Common Oral Medications Lead to Prophage Induction in Bacterial Isolates from the Human Gut

Antimicrobial activity of common oral medications on human gut bacterial isolates


Many bacteria carry bacteriophages (bacterial viruses) integrated in their genomes in the form of prophages, which replicate passively alongside their bacterial host. Environmental conditions can lead to prophage induction; the switching from prophage replication to lytic replication, that results in new bacteriophage progeny and the lysis of the bacterial host. Despite their abundance in the gut, little is known about what could be inducing these prophages. We show that several medications, at concentrations predicted in the gut, lead to prophage induction of bacterial isolates from the human gut. We tested five medication classes (non-steroidal anti-inflammatory, chemotherapy, mild analgesic, cardiac, and antibiotic) for antimicrobial activity against eight prophage-carrying human gut bacterial representative isolates in vitro. Seven out of eight bacteria showed signs of growth inhibition in response to at least one medication. All medications led to growth inhibition of at least one bacterial isolate. Prophage induction was confirmed in half of the treatments showing antimicrobial activity. Unlike antibiotics, host-targeted medications led to a species-specific induction of Clostridium beijerinckii, Bacteroides caccae, and to a lesser extent Bacteroides eggerthii. These results show how common medication consumption can lead to phage-mediated effects, which in turn would alter the human gut microbiome through increased prophage induction.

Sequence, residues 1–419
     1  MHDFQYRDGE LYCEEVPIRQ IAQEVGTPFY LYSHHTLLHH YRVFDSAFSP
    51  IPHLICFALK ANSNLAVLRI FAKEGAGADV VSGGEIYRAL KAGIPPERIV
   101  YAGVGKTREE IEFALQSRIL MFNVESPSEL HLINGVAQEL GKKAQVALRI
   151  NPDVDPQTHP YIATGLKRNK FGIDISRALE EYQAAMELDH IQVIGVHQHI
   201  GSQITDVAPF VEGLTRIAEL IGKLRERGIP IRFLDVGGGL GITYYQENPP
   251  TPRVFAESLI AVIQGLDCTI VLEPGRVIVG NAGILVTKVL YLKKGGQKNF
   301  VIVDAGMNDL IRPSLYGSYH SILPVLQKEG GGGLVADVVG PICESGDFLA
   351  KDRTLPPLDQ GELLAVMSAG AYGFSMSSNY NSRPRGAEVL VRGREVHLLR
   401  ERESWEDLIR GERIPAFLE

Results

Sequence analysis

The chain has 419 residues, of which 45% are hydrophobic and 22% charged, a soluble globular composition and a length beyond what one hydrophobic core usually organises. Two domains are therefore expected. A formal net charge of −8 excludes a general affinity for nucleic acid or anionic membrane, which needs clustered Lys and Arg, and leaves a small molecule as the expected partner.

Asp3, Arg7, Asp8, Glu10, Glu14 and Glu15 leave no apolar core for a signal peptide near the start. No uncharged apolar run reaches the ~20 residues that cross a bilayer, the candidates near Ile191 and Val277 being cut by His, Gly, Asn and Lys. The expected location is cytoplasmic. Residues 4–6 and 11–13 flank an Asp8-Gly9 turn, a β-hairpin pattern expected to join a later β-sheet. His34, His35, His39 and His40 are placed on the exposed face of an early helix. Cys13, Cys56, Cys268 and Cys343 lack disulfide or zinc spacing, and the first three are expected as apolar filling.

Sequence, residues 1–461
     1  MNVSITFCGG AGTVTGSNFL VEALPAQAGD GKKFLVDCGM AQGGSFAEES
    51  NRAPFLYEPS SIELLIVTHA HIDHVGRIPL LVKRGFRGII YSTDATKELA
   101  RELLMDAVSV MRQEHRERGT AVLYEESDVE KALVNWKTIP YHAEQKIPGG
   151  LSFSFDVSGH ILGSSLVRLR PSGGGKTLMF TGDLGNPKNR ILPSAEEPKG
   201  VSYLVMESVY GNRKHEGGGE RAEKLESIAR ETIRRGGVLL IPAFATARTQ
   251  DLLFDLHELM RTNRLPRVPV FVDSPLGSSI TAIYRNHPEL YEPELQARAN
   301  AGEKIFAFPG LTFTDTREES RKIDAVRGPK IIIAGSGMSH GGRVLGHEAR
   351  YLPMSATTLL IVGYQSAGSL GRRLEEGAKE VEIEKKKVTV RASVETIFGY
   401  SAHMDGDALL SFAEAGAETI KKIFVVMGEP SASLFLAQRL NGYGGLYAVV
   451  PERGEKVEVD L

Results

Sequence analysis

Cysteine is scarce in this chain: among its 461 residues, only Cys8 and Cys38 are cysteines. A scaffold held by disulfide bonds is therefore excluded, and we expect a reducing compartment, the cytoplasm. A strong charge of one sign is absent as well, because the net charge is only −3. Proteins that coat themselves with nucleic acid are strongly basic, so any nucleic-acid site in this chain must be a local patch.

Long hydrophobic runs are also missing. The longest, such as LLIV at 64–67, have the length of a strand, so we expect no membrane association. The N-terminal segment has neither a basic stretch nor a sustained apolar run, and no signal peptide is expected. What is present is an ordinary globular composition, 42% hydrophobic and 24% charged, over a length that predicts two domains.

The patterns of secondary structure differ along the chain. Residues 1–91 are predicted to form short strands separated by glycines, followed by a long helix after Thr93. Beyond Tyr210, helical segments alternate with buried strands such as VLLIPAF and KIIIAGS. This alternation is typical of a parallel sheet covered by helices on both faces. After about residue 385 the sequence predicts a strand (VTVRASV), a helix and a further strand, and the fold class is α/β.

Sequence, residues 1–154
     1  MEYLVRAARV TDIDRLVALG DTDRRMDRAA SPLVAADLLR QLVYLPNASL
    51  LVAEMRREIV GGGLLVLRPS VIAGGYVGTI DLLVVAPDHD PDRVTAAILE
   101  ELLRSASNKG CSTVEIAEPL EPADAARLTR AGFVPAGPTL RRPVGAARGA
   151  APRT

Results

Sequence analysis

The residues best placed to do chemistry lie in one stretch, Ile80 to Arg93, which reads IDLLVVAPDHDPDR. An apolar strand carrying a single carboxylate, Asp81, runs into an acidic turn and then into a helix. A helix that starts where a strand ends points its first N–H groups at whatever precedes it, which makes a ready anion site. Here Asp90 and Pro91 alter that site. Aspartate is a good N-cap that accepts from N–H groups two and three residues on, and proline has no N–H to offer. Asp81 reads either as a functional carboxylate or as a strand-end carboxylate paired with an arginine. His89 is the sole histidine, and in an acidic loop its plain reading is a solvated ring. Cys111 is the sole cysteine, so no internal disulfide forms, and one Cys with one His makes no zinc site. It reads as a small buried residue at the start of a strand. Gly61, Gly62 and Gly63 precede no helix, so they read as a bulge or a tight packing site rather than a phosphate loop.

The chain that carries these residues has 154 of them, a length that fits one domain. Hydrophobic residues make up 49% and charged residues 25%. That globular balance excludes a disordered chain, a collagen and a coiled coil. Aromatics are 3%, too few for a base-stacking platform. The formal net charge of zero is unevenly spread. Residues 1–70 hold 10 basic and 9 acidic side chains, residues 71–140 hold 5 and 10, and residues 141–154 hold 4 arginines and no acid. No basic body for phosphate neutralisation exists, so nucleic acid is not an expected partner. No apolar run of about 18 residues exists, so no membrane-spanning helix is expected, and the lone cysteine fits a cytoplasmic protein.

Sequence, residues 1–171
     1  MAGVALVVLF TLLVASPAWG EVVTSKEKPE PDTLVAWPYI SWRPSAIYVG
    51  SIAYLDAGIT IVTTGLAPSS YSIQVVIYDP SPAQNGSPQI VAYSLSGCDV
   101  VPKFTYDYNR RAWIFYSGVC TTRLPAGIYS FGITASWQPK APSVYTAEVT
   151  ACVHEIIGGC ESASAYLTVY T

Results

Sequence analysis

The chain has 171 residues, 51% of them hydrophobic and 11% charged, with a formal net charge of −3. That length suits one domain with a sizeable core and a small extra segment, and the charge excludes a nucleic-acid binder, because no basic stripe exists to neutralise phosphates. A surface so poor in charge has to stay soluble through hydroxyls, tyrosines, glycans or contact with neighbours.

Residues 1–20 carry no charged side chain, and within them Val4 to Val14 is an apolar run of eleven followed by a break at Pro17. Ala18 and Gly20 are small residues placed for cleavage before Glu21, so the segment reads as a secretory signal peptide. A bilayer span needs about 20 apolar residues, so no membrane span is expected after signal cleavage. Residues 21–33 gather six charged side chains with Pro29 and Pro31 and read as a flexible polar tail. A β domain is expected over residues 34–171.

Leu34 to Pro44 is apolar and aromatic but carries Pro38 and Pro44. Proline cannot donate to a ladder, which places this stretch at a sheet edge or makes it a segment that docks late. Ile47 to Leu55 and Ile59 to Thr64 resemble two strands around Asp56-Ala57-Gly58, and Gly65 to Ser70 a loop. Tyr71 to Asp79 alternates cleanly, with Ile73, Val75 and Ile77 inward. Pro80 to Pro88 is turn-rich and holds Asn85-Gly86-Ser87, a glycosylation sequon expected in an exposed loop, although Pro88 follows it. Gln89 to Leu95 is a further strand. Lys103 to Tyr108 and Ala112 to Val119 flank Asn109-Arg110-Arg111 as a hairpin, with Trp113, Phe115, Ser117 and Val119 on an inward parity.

Michael Shamash
Michael Shamash
PhD Candidate

My research focuses on phage-bacteria dynamics of the infant gut microbiota, during health and disease.